Among European Union countries, Bulgaria has the highest rate – at 52 per cent – of under-18s at risk of poverty and social exclusion, according to figures released on February 26 2013 by EU statistics agency Eurostat.
Across the 27 countries of the EU, children are at greater risk of poverty or social exclusion than the rest of the population. In 2011, 27 per cent of children aged less than 18 were at risk of poverty or social exclusion in the EU27, compared with 24 per cent of adults (aged 18-64) and 21 per cent of the elderly (aged 65 and over).
Explaining its definition, Eurostat said that people at risk of poverty or social exclusion “are those who are at least in one of the following three conditions: at-risk-of-poverty, severely materially deprived or living in households with very low work intensity”.
In most EU countries, children are more affected by at least one of the three forms of poverty or social exclusion than the other two age groups. In 2011, the highest shares of those aged less than 18 who were at risk of poverty or social exclusion were registered in Bulgaria (52 per cent), Romania (49 per cent), Latvia (44 per cent), Hungary (40 per cent) and Ireland (38 per cent in 2010), and the lowest in Sweden, Denmark and Finland (all 16 per cent), followed by Slovenia (17 per cent), the Netherlands (18 per cent) and Austria (19 per cent).
The Eurostate figures are based on data from the EU Statistics on Income and Living Condition (EU-SILC) survey. Among others, the report looks at several factors affecting child poverty, such as the composition of the household in which the children live and the labour market situation of their parents.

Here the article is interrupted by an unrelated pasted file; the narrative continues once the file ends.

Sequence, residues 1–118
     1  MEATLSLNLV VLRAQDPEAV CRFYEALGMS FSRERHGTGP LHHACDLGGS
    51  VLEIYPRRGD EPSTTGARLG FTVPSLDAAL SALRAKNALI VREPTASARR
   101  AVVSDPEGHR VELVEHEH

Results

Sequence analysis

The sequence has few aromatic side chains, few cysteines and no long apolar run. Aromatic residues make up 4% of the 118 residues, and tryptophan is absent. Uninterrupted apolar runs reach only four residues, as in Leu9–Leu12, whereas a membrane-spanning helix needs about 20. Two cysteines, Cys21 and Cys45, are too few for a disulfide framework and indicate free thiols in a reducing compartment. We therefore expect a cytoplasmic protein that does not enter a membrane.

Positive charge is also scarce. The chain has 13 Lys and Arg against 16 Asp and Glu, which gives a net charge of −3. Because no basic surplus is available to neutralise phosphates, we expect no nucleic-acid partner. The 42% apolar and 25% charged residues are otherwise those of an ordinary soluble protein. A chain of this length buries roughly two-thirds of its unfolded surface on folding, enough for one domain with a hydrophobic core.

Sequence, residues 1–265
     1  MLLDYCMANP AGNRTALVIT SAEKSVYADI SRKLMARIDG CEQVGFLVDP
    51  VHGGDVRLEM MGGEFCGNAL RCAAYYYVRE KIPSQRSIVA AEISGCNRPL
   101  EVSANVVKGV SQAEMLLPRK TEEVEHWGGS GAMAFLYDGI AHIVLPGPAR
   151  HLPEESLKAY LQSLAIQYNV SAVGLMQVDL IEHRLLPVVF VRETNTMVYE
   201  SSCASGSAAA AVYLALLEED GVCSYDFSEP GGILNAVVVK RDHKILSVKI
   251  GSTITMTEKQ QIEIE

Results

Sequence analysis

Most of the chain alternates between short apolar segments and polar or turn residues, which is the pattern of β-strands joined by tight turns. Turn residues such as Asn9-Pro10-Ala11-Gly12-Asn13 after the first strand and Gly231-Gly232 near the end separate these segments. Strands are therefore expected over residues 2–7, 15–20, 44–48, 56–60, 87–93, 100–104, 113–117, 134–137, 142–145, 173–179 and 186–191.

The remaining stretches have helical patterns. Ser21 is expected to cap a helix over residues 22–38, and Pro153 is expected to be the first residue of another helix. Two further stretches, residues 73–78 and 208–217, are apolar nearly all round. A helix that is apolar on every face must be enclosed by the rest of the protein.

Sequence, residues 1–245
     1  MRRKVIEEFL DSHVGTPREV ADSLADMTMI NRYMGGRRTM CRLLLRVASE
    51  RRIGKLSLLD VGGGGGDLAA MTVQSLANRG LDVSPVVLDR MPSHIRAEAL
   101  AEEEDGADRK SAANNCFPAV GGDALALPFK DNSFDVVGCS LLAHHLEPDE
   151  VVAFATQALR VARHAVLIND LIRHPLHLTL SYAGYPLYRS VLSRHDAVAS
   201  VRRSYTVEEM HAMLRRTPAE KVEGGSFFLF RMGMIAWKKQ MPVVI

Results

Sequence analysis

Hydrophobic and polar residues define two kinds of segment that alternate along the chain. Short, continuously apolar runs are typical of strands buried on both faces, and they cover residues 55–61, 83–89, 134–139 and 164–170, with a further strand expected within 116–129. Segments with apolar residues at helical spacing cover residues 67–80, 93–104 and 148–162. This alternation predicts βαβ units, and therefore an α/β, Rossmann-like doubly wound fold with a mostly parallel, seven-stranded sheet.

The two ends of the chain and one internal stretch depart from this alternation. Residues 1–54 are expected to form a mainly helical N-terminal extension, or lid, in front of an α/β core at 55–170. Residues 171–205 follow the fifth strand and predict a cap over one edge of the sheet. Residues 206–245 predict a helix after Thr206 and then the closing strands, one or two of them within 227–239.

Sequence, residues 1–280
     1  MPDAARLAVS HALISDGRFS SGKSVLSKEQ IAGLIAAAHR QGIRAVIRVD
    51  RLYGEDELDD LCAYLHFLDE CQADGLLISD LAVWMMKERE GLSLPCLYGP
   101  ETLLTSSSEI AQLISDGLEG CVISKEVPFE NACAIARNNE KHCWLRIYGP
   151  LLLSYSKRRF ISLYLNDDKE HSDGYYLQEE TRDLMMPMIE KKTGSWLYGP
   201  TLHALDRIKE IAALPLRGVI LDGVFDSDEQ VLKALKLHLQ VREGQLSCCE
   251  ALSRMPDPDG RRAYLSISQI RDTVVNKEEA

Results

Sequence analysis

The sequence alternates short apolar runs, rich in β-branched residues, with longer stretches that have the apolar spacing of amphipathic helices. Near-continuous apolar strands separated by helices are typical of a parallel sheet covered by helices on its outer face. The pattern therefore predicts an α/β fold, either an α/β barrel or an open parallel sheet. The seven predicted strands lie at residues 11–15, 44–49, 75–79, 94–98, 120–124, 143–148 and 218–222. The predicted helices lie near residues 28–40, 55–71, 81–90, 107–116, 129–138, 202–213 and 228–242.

Looking in more detail at monetary poverty, almost half of all children whose parents had a low education level (at the most lower secondary education) were at risk of poverty in the EU27 in 2011, compared with 22 per cent of children residing with parents who had a medium education level (at the most upper secondary education) and seven per cent of children with parents with a higher education level (tertiary education).
In all EU member states, the risk of poverty for children decreased when the education level of their parents was high, Eurostat said.
The largest differences between the share of children at risk of poverty who lived in a low and in a high education level household were found in Romania (78 per cent of children in a low education level household compared with two per cent in a high education level household), the Czech Republic (76 per cent and five per cent), Slovakia (77 per cent and seven per cent), Bulgaria (71 per cent and two per cent) and Hungary (68 per cent and three per cent), and the smallest differences in Denmark (17 per cent and five per cent) and Finland (24 per cent and six per cent).
Almost one child in three with a migrant background is at risk of poverty in the EU27, Eurostat said.
In the EU27, children who have a migrant background, meaning that at least one parent was born in another country than the current country of residence, were at greater risk of monetary poverty than children whose parents were native born. In 2011, 32 per cent of children residing with at least one foreign born parent were at risk of poverty in the EU27, compared with 18 per cent of children whose parents were native born.
This was the case in most EU countries. In Estonia, Hungary and Malta children with native born parents had a higher risk of poverty, while there was almost no difference between the two groups in the Czech Republic.
With regard to children who lived with at least one foreign born parent, the share of those at risk of poverty varied significantly between member states in 2011, ranging from 15 per cent in the Czech Republic, 17 per cent in Estonia and 18 per cent in Malta to 46 per cent in Spain, 43 per cent in Greece and 39 per cent in France. The share of children at risk of poverty who lived with native born parents was lowest in Denmark and Austria (both eight per cent) and highest in Romania.